Un expert a demandé à la délégation comment l'État pouvait détecter si un enfant a été enfant soldat, s'il s'agit d'un simple réfugié ou encore si un enfant a déjà tué ou pas. Il a en outre voulu savoir comment l'âge d'un individu pouvait être vérifié lorsque cet individu souhaite s'enrôler dans l'armée. L'expert a souhaité savoir si le Code pénal sanctionne d'ores et déjà toute personne cherchant à enrôler des enfants ou si cette disposition pénale n'a pas encore été adoptée.

Un expert a fait observer que la volonté d'intégrer les communautés autochtones pouvait mettre à mal la diversité culturelle du pays. Ce même expert a souligné qu'il manquait une disposition spécifique du Code pénal qui permette au juge d'incriminer le recrutement d'enfants soldats.

Une experte s'est inquiétée de l'absence de structure permettant de recueillir les plaintes des enfants victimes de violences domestiques. Elle a souligné qu'une ligne téléphonique gratuite, ouverte 24 heures sur 24, pourrait permettre aux enfants victimes de violences de déposer plainte.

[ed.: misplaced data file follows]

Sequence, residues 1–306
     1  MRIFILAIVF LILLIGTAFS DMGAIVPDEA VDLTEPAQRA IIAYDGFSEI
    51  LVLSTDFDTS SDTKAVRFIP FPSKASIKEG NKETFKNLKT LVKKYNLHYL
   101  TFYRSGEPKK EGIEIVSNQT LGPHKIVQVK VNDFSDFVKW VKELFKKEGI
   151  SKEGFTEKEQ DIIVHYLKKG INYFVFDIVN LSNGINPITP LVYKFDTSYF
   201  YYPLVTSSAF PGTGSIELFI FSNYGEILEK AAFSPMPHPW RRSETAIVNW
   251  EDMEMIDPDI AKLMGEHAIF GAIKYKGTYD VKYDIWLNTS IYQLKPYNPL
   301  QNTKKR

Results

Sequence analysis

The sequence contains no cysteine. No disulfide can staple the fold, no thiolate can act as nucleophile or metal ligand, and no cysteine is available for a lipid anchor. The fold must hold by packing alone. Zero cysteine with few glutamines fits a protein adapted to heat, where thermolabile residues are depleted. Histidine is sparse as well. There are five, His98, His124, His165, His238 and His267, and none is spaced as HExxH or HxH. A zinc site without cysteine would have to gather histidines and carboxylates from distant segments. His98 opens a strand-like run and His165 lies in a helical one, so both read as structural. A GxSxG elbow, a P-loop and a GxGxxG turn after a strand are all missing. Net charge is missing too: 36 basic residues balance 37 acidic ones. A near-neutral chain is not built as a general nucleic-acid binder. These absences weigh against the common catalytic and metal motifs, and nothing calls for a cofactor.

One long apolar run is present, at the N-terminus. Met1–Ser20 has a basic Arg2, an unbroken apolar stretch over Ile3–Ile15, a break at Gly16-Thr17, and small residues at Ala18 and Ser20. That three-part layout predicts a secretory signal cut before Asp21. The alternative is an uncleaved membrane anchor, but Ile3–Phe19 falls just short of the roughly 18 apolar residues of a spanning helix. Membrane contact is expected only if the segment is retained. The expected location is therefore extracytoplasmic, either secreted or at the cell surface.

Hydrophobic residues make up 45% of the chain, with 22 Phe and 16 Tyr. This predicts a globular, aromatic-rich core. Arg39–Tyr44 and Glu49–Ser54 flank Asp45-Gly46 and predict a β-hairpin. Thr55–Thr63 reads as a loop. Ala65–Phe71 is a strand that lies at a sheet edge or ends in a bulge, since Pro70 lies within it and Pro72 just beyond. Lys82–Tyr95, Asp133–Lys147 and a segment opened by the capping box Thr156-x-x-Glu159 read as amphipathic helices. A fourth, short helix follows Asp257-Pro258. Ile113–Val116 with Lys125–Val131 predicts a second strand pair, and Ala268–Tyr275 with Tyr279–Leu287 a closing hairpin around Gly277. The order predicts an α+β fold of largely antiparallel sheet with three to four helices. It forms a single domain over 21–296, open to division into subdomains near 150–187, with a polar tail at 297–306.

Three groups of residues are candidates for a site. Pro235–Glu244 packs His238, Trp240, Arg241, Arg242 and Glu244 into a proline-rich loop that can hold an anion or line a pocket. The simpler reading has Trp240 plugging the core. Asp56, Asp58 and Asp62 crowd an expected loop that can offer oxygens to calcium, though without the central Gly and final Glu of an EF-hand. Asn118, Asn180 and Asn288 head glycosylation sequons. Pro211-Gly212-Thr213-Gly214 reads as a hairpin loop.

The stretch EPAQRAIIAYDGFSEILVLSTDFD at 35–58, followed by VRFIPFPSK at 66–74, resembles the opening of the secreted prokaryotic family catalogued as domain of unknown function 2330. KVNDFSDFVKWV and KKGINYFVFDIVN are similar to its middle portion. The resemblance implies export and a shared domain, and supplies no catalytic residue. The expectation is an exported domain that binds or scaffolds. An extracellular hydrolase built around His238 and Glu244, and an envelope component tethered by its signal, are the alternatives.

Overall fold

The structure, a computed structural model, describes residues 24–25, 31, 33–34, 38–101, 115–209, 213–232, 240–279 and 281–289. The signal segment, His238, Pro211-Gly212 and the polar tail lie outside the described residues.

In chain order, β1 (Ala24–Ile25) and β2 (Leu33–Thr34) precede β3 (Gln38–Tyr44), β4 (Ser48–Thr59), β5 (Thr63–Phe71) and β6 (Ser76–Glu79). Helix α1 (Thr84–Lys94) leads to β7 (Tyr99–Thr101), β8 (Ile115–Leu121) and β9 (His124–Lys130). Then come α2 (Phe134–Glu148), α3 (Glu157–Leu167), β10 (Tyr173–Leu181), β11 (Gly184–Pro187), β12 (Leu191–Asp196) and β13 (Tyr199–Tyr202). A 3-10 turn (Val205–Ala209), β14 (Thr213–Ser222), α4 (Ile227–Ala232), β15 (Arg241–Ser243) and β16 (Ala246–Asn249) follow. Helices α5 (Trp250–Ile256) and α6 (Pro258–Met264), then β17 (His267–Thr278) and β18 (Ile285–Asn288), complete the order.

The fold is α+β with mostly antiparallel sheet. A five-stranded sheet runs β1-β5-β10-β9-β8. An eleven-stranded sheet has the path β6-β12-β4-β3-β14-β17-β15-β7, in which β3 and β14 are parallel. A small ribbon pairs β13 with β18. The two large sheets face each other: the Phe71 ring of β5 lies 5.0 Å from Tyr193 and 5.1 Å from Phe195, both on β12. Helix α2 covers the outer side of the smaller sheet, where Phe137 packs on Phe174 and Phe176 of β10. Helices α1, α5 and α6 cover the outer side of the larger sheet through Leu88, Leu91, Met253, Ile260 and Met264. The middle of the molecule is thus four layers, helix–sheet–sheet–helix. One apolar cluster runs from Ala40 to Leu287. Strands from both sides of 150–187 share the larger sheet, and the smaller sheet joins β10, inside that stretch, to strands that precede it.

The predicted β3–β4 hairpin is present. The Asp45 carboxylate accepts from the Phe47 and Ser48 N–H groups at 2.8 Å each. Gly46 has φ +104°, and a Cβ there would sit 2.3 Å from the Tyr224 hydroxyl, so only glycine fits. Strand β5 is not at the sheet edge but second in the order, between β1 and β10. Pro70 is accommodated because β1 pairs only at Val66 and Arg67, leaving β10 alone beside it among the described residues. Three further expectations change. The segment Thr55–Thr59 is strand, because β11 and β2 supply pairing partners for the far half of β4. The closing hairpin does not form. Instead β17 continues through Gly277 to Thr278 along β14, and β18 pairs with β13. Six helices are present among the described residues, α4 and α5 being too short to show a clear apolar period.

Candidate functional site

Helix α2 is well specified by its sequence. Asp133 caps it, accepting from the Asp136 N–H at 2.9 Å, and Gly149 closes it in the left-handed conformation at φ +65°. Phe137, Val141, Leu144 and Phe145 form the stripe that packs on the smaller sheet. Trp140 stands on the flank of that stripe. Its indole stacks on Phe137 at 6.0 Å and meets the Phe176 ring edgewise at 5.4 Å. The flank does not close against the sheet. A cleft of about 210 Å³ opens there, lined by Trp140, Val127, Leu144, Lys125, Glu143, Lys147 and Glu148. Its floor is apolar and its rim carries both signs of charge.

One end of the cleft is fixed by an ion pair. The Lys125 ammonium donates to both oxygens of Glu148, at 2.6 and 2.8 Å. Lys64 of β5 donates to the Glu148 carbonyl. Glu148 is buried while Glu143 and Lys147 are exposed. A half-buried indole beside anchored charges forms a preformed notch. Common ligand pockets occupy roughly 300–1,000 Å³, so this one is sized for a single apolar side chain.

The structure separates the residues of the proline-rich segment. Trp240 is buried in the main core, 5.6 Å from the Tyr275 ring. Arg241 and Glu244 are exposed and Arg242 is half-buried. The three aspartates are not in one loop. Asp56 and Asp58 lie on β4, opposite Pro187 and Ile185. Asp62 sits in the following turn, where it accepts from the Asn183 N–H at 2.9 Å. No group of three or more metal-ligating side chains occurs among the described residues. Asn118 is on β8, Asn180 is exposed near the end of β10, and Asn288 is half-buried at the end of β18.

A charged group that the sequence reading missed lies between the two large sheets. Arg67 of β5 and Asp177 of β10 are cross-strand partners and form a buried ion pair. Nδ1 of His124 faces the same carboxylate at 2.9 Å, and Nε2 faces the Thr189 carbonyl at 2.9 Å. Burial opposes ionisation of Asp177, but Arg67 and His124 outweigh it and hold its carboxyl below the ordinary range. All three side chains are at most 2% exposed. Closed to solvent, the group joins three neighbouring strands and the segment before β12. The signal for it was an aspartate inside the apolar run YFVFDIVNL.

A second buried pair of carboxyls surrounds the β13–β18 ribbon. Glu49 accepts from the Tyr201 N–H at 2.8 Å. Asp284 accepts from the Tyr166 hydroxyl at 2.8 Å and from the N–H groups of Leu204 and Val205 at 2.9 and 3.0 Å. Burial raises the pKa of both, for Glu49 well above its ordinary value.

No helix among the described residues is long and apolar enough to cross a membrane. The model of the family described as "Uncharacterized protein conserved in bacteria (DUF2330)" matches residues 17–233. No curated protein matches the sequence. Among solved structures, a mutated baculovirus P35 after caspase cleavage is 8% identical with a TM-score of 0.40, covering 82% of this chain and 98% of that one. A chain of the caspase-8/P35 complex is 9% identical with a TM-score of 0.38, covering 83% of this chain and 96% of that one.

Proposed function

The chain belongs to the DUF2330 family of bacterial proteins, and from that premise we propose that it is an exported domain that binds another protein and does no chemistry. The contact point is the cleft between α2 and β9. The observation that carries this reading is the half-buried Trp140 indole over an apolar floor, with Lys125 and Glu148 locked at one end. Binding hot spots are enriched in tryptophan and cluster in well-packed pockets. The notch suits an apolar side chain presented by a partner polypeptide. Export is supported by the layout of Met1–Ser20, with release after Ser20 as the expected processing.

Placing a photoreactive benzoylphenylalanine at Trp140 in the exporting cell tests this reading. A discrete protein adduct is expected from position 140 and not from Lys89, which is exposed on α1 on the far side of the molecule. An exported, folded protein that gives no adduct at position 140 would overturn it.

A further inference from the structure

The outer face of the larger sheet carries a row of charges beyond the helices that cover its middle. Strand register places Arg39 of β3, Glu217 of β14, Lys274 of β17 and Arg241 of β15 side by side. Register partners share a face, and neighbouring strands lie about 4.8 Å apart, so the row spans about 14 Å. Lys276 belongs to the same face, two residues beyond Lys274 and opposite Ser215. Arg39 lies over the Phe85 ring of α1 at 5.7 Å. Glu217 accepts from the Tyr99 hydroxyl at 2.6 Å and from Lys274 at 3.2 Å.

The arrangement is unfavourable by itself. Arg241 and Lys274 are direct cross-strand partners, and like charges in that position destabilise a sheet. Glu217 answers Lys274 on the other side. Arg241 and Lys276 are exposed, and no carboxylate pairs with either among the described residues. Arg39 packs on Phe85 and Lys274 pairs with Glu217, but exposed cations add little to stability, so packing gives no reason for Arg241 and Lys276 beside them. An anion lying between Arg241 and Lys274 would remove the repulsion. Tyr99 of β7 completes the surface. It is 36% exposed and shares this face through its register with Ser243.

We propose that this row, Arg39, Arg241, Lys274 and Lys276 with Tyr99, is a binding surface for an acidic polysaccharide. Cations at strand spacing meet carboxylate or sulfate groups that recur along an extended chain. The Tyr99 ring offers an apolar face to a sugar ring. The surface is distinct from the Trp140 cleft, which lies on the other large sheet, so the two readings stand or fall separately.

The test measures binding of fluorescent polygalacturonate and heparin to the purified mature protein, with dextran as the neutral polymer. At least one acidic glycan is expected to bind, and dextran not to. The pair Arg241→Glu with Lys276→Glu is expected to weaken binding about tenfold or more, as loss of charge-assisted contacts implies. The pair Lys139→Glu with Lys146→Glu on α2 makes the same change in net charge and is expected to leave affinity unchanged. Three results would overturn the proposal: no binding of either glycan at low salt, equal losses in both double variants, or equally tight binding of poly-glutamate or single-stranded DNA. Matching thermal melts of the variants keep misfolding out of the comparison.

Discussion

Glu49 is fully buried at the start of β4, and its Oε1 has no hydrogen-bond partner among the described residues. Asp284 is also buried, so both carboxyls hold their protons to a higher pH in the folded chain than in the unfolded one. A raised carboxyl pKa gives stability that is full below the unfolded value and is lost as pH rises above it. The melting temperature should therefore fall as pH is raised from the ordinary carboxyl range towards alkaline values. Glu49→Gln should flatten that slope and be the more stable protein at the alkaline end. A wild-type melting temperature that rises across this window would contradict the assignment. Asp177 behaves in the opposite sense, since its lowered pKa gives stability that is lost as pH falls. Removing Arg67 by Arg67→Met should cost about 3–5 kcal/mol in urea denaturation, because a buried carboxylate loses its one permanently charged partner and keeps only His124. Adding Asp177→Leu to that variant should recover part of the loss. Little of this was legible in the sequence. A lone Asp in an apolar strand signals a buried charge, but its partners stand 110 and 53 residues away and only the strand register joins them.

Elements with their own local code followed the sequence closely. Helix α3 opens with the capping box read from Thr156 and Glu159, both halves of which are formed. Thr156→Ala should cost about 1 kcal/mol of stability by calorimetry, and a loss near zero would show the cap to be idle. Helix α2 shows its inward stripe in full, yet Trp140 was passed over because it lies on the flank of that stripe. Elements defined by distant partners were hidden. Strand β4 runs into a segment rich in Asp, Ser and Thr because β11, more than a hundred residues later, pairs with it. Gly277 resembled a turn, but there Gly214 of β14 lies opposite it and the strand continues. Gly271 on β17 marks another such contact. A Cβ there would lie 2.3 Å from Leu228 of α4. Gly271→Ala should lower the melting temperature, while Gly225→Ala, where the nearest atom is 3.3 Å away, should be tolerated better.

Réponses de la délégation

La délégation a expliqué que le Gouvernement a lancé des émissions pour sensibiliser la population au sujet de la lutte contre les violences sexuelles. Les enfants sont eux-mêmes sensibilisés à cette question dans les écoles, a-t-elle ajouté. La délégation a déclaré que le nombre de cas de violences sexuelles avait sensiblement diminué en République démocratique du Congo selon la Mission de l'Organisation des Nations Unies pour la stabilisation en République démocratique du Congo (MONUSCO). Les violences sexuelles ne sont pas éradiquées totalement, mais la volonté du Gouvernement est de continuer à diminuer drastiquement le nombre d'actes de violences sexuelles, a insisté la délégation.

Les ressources sont insuffisantes pour permettre au pays de mettre en œuvre toutes les recommandations du Comité des droits de l'enfant, a expliqué la délégation. C'est pourquoi le pays réitère sa demande d'obtenir le soutien des agences des Nations Unies concernées par ces questions.

La police, les forces armées, les magistrats, les enseignants sont sensibilisés aux droits de l'homme, a poursuivi la délégation. Un programme de sensibilisation va bientôt voir le jour dans les écoles. Lorsque le contact humain n'est pas possible dans certaines zones reculées du pays, les sensibilisations passent par la radio, a ajouté la délégation.